Although you thought that you were entering 2 minutes and 35 seconds, if you place the cell pointer in B2, and examine the formula bar, you will notice that Excel thought that you meant 2 hours and 35 minutes, as shown in Fig. 518.

Strategy: One solution is to re-enter all of the formulas, using 0:02:35 as the format. This is probably the fastest method for 11 entries, but if you had hundreds of entries, there is a better way. You can use a series of nested functions to extract the Hour and Minute from the incorrect entry and then use the results in the TIME function.

1) As shown in Fig. 519, in column D, use the =HOUR(B2) function to return the portion of the time before the colon.

2) In cell E2, use the =MINUTE(B2) to return the portion of the time after the colon, as shown in Fig. 520.

3) You will use the =TIME function in cell C2, as shown in Fig. 521. This function requires an hour, a minute, and a second. The hour will be 0. The minute will be the result of the HOUR function in D2. The second will be the result of the MINUTE function in E2. The complete formula is =TIME(0,D2,E2).

4) As usual, don’t be immediately alarmed that the result of the formula is not what you expected. Select the cell. Hit Ctrl+1 to display the Format Cells dialog. On the Number tab, select a time format such as 13:30:55, as shown in Fig. 522.

5) Alternatively, select the Custom category and type a custom number format of M:SS, as shown in Fig. 523.

It always seems funny that you’ve gone through all of the work in this chapter in order to get cell C2 to look exactly like the original cell in B2, as shown in Fig.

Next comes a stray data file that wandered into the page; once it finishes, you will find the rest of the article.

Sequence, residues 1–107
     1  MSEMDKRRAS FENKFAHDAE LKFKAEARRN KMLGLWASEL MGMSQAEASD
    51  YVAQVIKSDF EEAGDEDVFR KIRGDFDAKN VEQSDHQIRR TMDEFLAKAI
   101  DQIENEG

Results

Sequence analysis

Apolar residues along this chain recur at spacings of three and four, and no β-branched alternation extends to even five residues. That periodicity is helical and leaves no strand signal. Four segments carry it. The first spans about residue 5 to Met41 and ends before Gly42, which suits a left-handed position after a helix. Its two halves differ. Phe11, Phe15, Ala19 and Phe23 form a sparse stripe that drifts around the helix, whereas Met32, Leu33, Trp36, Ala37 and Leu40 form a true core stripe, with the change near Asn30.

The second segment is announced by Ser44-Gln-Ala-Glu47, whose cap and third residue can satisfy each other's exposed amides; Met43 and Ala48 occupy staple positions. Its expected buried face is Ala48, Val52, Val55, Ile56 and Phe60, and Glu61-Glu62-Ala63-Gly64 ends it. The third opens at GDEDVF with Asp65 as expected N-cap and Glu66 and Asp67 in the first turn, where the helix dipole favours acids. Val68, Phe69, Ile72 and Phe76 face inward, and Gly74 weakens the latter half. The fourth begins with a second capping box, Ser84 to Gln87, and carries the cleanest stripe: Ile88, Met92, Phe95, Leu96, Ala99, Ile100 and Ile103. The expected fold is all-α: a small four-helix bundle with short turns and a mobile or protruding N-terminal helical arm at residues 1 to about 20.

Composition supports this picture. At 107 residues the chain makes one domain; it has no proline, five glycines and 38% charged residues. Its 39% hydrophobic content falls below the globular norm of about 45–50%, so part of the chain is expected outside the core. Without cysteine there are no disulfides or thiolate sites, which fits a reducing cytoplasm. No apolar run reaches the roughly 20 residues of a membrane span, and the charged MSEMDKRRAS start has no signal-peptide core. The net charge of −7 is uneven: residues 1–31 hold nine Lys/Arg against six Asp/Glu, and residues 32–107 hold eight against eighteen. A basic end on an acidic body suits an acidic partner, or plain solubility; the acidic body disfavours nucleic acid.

524. This is one of the reasons that working with times in Excel is so confusing.

6) As shown in Fig. 525, select cells C2:E2. Double-click the Fill handle (the black square dot in the lower right corner of E2).

7) Using the Fill handle trick will copy the formulas down to all rows with data in the adjacent column B. This will copy the formulas down to the total row, which is not what you want. Delete the formulas from C13:E13.

8) Copy the total formula from B13 to C13. As shown in Fig. 526, you will see that it now returns 31 minutes, a number that is about right.

To correct the format in C13, there are two options. If you had foresight, rather than doing a Copy and Paste from B13 to C13, you could have done Edit – Paste Special – Formulas to copy the formula, but not the number format. It is hard to have such foresight!

9) To fix the format in Fig. 526, select cell C12. Ctrl+C to Copy. Select cell C13, as shown in Fig. 527. Do Edit – Paste Special – Formats – OK.

10) The Paste Special Format command will wipe out the bold formatting in C13, so hit Ctrl+B to bold the cell again.

Additional Details: Before you can delete columns B, D, and E, you need to change the times in column C from formulas to values. Highlight the cells in C2:C12. Use Ctrl+C to Copy. Without changing the selection, use Edit – Paste Special to display the Paste Special dialog. Choose Values and then OK. Just out of curiosity, what about that value in B13? Even if Excel thought we had 31 hours, why is it showing only 7 hours and 42 minutes? Select the cell. Hit F2 to edit the formula. Hit F9 to calculate the formula. You will see that Excel thinks this total is 1.320833, as shown in Fig. 528. This means that 31 hours is about 1.3 days. The default numeric format in B13 was causing Excel to only show the portion of hours in excess of whole days.

After hitting F9 to see the result of the formula, hit the Esc key to return to the formula.

Summary: Beware – some entries can be ambiguous. What may seem like three minutes to you might be interpreted as three hours by Excel. Always select the cell and look in the formula bar to see if Excel is using hours or minutes.

Commands Discussed: Edit – Paste Special – Formats

Functions Discussed: =HOUR(); =MINUTE(); =TIME()